Huge night out

Last night Kate and I went out and saw a film together. It was the first film we’ve seen together since Harriet was born, and Kate’s parents did the duty of minding our little girl for a couple of hours. We saw the film, had a coffee, and were back by 10:30 to pick her up again. A Saturday night out is a bit different to how it used to be. :)

For this momentous night out we chose to see a film that is up for a bag of oscars. We’ll know within 24 hours whether it has landed any of them, but I think it’s got good odds.

Slumdog Millionaire

A huge, Indian film with gangsters, family, and romance.

This is probably not the sort of film to go to if you are dog tired. It requires a lot from the audience, with a large number of subtitles (done in an interesting way), two levels of flash-backs, and multiple actors playing the main characters at different points in their lives. But it is worth the effort, as the film is epic, well-acted and has an interesting tale.

Based loosely on a book, the idea in this film is explaining how a boy from the slums can know the answers in the “Who Wants to be a Millionaire?” game-show in India. In explaining this, we are treated to an amazing life the includes the horrors of slums, beggars, thieves and death, although situated in some incredible locations that are well captured by the cinematography. It intelligently covers themes of loyalty, religious intolerance, and the class system, but wraps it up in a romantic plot. I was impressed.

Given that it doesn’t show India in a particularly kind light, it didn’t really make me want to go back and visit. I can’t imagine the Indian government being particularly happy about the number of people going to see this film, from a tourist perspective. For example, I couldn’t imagine such a film being set and filmed in China, with the PRC’s tight control of media.

I have also read that this film is bringing about a renewed interest in Bollywood dancing. This surprises me, as I would’ve picked this as the least likely Indian film to spur a Bollywood dancing resurgence. The stars are not Bollywood stars, and there is no dancing in the main part of the film. But if it encourages people to see other Bollywood films, where there are real song and dance numbers, then all the better.

Or maybe it’s just the sheer number of people who are going to see this movie. And I can understand that.

My rating: 4.0 stars
****

As a postscript to this review, when I was living in London, I had a job that involved developing mobile handset versions of the “Who Wants to be a Millionaire?” game. Every time the theme music played in the movie, I practically had a flash-back, which made it a bit hard to focus on the movie at times. I don’t expect many other people would have that problem…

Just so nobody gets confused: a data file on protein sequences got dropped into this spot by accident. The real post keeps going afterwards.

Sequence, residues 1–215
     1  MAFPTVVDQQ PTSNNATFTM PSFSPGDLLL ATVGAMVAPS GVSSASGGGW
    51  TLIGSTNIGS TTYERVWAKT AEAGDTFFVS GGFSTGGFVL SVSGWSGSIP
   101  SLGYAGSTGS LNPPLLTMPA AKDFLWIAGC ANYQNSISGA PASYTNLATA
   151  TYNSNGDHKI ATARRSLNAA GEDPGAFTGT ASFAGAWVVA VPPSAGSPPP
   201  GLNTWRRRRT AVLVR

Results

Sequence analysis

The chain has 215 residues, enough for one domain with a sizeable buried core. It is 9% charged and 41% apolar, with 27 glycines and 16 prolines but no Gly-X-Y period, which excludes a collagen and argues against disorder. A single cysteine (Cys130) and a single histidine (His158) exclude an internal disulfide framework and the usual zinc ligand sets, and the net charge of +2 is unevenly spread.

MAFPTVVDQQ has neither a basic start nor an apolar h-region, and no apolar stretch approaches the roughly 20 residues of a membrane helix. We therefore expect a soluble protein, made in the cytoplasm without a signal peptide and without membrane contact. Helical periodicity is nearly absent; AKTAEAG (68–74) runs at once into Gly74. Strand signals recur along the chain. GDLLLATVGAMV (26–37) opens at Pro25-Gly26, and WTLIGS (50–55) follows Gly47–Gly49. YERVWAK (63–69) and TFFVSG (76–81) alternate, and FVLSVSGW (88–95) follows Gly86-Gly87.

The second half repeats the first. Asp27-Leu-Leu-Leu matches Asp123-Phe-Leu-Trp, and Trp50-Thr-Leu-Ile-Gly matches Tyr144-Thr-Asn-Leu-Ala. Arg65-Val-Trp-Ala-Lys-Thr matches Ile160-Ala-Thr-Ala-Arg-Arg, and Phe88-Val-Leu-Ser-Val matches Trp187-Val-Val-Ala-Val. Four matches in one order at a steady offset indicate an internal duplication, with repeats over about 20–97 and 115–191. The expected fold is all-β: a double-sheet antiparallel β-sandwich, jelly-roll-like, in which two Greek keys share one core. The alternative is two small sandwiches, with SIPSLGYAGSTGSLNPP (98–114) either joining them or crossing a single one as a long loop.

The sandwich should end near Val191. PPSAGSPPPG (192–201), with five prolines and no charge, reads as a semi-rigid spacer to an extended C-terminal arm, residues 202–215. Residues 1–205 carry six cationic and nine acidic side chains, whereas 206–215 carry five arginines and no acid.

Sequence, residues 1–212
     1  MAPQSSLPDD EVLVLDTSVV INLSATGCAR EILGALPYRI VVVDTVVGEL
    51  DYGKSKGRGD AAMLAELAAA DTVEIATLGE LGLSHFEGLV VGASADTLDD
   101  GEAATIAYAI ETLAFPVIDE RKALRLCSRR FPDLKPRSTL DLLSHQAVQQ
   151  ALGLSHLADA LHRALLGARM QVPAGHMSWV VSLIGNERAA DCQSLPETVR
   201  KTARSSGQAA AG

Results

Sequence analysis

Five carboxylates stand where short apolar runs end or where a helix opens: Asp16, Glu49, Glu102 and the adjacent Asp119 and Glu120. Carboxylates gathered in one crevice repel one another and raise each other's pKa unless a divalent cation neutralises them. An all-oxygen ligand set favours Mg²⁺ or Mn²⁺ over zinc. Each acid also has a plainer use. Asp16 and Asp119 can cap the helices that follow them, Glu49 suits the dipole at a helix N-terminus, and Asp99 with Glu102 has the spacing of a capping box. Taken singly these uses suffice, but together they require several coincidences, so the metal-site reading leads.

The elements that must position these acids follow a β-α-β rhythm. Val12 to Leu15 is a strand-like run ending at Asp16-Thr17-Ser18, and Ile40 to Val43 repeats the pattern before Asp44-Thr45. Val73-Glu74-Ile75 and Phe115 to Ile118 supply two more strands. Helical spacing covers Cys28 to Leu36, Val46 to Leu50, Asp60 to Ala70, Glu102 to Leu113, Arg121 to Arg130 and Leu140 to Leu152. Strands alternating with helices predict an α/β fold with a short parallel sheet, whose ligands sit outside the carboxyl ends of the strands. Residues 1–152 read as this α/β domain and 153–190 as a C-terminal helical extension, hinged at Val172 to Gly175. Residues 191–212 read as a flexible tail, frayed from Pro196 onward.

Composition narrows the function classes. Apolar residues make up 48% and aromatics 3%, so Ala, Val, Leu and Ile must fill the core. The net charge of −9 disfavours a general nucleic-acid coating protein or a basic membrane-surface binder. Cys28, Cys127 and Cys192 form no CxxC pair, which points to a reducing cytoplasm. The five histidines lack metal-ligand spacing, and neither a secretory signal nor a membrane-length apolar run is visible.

3 thoughts on “Huge night out”

  1. “I can’t imagine the Indian government being particularly happy about the number of people going to see this film, from a tourist perspective. For example, I couldn’t imagine such a film being set and filmed in China, with the PRC’s tight control of media”.

    Slumdog Millionaire was a non-event in India. It disappeared very quickly. It was at best considered noteworthy for its Indian music (AR Rahman’s Oscar win was an especially proud moment for the country) at worst considered to be poverty porn for westerners who needed their India poverty fix.

    You also have to remember that India can not be lumped with undemocratic dictatorships like China. India is more democratic than Australia, so regardless whether a movie portrays India negatively, the government would not ever interfere.

    Finally a movie like “Australia” with its references to Stolen Generation could not be made in China either.

  2. True, I was “lumping” India in with China only because they are probably the most significant economic powerhouses for this century. I wasn’t contrasting the relative democratic nature of these countries (nor do I think it’s relevant) – only the degree of support for free media. For the record, I don’t think Australian media is as free as it could be, and although I think we’re better than the US (for example), we can still aspire to the UK in this regard.

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